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This village, close to the Uzbek border, is famous as the birthplace of Chinghiz Aitmatov. Aimatov was a famous Kyrgyz author, probably the only native Central Asian author to obtain international renown. His works have been translated into English and other European languages. (It is actually claimed that he has been translated into more than one hundred languages, with a total circulation of 90 million copies). He was very popular in Soviet times, although not without controversy, and Mikhail Gorbachev sometimes quoted from him in speeches. Recurring themes throughout his work are the cultural heritage of the Turkic peoples, and the way modernity is depriving man of his individuality.
His father was a prominent member of the Supreme Soviet of the Kirghiz Autonomous Republic and it is believed he was killed at Chon Tash (just outside Bishkek) along with the entire membership of the Central Committee in one of Stalin's purges - although this did not stop him joining the party himself.
Born in 1928 in the village of Sheker in the Talas valley, near the Uzbek border, he completed only six years of schooling and at the age of 14 (during World War II) he became Secretary of the local village soviet (council) and a tax collector. He later trained in Djambul (in Kazakhstan - now called Taraz) as a veterinarian, graduating in 1953, and worked on an experimental farm. His first publication appeared in January, 1952 - an article in the journal "Soviet Kirghizia", "On the Terminology of the Kirghiz Language" in which he commented how much the Kirghiz language had been enriched by borrowings from the Russian language. This was followed by a number of short stories.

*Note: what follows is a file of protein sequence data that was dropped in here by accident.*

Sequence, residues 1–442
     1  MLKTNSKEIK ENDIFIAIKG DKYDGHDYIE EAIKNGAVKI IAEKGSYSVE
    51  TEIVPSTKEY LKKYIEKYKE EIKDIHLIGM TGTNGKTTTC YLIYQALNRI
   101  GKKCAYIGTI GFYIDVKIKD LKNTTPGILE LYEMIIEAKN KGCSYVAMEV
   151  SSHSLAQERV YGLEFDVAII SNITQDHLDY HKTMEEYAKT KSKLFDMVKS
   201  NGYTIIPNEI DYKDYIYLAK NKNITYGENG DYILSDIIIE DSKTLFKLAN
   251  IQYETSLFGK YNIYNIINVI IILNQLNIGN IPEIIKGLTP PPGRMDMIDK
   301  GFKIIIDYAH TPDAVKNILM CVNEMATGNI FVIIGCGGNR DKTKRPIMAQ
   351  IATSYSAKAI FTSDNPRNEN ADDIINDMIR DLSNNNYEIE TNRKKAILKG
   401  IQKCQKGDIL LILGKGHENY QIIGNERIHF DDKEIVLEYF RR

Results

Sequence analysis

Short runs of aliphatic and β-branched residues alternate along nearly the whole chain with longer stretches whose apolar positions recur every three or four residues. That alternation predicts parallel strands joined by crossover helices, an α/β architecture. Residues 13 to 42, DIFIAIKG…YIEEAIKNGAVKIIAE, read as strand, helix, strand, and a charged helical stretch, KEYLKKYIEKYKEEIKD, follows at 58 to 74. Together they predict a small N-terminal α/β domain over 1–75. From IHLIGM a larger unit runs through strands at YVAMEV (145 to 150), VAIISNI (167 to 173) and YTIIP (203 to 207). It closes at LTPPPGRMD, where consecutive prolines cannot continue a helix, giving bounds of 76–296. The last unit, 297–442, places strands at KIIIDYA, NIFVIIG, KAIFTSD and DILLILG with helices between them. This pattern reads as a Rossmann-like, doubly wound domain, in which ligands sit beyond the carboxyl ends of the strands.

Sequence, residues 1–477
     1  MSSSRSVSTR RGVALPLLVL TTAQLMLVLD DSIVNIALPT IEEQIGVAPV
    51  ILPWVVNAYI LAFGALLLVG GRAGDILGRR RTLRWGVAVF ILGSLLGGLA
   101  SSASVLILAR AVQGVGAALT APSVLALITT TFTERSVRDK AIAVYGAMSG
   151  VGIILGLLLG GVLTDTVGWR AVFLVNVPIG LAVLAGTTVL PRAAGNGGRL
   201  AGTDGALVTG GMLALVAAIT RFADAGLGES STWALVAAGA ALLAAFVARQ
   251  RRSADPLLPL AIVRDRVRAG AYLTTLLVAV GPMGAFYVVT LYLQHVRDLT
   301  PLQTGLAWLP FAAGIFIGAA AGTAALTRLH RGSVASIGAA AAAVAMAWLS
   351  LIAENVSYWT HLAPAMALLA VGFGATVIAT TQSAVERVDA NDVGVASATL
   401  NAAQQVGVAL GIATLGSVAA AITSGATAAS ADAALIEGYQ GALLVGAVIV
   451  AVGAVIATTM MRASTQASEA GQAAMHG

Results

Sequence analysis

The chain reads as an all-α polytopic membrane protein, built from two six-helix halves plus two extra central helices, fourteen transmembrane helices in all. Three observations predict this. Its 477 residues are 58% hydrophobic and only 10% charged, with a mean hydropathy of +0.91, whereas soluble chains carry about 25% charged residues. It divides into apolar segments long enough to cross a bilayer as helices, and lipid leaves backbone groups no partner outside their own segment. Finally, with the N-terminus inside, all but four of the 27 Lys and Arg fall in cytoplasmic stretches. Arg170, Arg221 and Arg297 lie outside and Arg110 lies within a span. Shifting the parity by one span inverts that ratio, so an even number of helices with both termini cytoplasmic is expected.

As a result of his publications, he entered the Literary Institute in Moscow, graduating in 1958. He published a few minor works at this time, but rose to popularity with his book Dzhamilia. He emerged as a major Soviet writer and literary figure, on the governing board of many intellectual and cultural institutions such as the Literary Gazette and Writers' Union and was the head of the Kirghiz Filmmakers' Union for over twenty years. For a time, he contributed to the newspaper Pravda. He wrote in both Russian and Kyrgyz. As well as writing his own novels, he also wrote plays and he translated other people's stories and poetry.
Elected a member of the Supreme Soviet, he was a delegate to the last four Party Congresses, and was awarded many national honors, including a Lenin Prize, a State Prize (both for Literature) and a Hero of Socialist Labor medal (awarded on his fiftieth birthday). He was instrumental in the founding of the national "Movement for Democracy" in 1989. He was also the Kyrgyz ambassador to the European Union based in Belgium for a number of years. He died on June 10, 2008 in Nuremburg, Germany.
In his hometown of Sheker, there is now a Museum dedicated to him, his life and work. It was opened in 1978, to mark his 50th birthday and has over 1,000 exhibits, such as manuscripts, articles, books and pictures. There is also a special section on his parents and family history.